Crashing is inevitable for a lot of untrained pilot when piloting drone for the first time. When they realize that it’s so fast, they tend to get panic and crashed the copter. Control is also an issue when you fly your drone in a tiny space or among the crowded trees in a forest. Because of the many many crashes that happens, MIT Computer Science and Artificial Intelligence Laboratory (MIT CSAIL) and Stanford’s Autonomous System Laboratory (ASL) developed their own algorithms to help drone evades obstacles around them.
MIT’s CSAIL researcher and also PhD student, Andrew Barry, with his thesis advisor, professor Russ Tedrake, developed a stereo-vision algorithm that ran 20 times faster than existing software. The algorithm allows the drone to detect objects and build a full map of its surrounding in real time. Operating at 120 frames-per-second, the software extracts depth information at a speed of 8.3 miliseconds per frame. This means that the drone can fly at high speed, detect objects with the camera on high speed, swerve through objects and avoid crashing.
Barry’s stereo-vision algorithm focused on improving data processing and maneuverability on fixed-wing drone. While Stanford’s ASL developed a real-time kinodynamic planner for quadrotor to avoid obstacles. Kinodynamic planning is a class of problems for which velocity, acceleration, and force/torque bounds must be satisfied, together with kinematic constraints such as avoiding obstacles.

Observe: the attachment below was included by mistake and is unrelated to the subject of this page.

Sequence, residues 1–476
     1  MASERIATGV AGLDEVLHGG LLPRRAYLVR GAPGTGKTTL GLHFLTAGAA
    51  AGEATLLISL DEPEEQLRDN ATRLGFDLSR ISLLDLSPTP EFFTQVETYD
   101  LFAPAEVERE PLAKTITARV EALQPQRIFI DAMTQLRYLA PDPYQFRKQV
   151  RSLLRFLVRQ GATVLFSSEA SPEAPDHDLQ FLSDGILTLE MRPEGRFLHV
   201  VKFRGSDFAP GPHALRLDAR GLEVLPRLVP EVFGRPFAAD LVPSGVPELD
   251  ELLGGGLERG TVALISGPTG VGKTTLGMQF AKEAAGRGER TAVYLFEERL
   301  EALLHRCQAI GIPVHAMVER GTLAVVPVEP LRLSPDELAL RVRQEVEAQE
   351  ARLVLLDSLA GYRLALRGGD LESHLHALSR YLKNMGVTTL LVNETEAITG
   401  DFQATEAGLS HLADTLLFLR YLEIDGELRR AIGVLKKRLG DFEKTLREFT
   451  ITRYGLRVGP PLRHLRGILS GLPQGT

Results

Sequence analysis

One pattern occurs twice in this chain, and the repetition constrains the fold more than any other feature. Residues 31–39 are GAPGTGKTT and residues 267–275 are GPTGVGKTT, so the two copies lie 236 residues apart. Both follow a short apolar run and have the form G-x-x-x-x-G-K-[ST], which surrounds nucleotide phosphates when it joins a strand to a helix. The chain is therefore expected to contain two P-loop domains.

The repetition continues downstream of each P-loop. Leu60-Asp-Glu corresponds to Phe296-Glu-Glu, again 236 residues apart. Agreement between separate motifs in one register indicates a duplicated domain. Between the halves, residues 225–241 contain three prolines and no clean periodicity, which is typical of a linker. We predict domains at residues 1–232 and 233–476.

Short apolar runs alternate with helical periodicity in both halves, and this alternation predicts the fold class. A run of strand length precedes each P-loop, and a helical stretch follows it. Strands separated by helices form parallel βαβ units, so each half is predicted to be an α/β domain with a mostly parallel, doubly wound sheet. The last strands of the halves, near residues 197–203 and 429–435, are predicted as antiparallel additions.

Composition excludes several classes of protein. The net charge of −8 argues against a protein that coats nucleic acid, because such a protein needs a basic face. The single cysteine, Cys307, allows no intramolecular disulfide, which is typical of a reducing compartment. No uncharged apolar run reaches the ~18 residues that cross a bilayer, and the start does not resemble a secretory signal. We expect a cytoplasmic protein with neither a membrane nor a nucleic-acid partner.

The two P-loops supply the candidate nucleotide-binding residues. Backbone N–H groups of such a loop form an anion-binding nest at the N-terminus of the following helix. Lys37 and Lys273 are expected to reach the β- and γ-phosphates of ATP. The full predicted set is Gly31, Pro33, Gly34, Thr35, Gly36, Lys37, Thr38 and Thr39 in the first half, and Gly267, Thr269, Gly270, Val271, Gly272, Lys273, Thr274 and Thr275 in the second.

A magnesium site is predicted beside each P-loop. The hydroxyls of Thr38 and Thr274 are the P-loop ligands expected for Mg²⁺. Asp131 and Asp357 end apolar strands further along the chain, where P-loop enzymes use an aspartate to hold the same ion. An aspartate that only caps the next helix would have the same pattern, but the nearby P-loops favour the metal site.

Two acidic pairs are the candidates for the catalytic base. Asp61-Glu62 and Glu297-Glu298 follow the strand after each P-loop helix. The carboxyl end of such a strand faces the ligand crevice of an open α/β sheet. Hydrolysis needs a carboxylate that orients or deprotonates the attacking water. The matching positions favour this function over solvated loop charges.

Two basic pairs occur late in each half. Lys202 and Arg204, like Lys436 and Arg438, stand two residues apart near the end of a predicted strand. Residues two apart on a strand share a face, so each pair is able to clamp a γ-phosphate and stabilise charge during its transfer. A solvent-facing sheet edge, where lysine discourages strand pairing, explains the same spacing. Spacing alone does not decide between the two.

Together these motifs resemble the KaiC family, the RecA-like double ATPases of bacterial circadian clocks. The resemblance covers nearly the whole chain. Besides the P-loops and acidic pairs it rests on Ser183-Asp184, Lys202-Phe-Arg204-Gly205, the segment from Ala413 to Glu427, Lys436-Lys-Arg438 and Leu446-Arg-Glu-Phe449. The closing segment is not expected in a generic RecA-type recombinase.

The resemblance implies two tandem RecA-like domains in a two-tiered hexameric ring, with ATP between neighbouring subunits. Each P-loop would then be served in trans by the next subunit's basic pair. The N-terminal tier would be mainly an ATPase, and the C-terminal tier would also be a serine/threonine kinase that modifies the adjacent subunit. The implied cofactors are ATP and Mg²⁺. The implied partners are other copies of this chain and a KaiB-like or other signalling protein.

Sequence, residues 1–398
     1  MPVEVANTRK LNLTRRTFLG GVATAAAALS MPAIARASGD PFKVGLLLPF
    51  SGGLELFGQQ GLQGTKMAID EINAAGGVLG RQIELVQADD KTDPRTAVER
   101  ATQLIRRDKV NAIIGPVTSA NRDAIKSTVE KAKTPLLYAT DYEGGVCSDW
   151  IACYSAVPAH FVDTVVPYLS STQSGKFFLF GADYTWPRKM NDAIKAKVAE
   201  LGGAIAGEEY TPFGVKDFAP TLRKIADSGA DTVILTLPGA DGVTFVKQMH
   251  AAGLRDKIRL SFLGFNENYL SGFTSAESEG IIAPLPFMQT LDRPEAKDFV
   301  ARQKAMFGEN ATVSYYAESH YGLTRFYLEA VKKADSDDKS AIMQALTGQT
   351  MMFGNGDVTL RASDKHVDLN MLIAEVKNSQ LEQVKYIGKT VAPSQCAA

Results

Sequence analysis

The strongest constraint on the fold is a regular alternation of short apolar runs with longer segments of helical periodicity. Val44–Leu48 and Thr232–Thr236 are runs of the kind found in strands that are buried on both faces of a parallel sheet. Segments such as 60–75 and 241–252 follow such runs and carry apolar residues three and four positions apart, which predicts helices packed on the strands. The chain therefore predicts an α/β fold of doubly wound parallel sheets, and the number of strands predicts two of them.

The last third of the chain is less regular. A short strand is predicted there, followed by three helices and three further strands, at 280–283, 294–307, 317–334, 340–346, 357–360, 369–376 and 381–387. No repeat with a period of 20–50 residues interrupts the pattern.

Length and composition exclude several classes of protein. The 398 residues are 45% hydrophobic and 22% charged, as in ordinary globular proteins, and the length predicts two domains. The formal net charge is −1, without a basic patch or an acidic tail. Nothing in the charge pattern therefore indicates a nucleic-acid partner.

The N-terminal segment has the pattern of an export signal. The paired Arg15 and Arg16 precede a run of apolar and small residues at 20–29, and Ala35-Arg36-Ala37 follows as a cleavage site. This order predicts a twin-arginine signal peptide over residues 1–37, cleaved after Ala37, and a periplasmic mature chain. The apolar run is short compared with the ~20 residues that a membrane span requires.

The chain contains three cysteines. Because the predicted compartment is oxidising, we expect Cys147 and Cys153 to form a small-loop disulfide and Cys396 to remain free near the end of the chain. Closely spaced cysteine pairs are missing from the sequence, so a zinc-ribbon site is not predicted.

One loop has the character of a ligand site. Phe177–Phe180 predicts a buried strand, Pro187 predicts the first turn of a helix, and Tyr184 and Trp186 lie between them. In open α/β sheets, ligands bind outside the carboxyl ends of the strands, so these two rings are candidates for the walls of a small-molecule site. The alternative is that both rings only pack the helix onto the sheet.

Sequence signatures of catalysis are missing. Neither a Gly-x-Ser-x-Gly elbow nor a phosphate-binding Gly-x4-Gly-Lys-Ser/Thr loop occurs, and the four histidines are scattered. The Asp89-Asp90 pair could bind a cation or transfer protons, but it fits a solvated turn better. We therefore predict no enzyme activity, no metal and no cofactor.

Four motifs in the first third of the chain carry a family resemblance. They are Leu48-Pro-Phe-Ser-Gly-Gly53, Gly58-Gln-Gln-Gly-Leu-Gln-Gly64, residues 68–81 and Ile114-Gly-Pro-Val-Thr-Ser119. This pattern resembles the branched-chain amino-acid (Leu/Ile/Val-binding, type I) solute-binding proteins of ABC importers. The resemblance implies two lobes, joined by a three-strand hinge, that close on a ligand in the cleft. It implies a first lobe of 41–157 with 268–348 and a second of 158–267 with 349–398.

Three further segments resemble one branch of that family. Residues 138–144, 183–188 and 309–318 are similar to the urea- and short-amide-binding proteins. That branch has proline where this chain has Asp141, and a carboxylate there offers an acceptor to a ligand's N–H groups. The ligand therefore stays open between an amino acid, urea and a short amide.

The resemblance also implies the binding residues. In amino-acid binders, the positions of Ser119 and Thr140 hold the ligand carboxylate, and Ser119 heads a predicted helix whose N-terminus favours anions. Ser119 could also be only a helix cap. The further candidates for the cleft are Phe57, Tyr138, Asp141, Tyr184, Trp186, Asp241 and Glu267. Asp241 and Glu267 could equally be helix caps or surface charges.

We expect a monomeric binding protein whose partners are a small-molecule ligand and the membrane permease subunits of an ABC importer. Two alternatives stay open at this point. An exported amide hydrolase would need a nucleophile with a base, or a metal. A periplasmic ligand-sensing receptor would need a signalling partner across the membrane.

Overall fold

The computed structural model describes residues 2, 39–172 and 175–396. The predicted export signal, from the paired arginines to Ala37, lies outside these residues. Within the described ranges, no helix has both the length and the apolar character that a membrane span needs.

Ross Allen and Marco Pavone from The Autonomous Systems Laboratory of Stanford University have developed an algorithmic framework that allows for real-time motion planning/obstacle avoidance for high speed robotic systems. Same as Barry’s stereo-vision algorithm, the drone can detect objects, and swerve through said objects, and avoid it altogether autonomously. The framework utilizes an offline-online computation paradigm, neighborhood classification through machine learning, sampling-based motion planning with an optimal cost distance metric, and trajectory smoothing to achieve real-time planning for aerial vehicles. This framework accounts for dynamic obstacles with an event-based replanning structure and a locally reactive control layer that minimizes replanning events. The framework has been successfully demonstrated real-time planning for static obstacles, low-speed dynamic obstacles, and even high-speed, adversarial obstacles.
And those are a couple of software improvement for drones to make them nimble and avoid crashing. What do you think about it? Is it complete? Or do you think it would need some improvement? Share with us your tought on the comment section.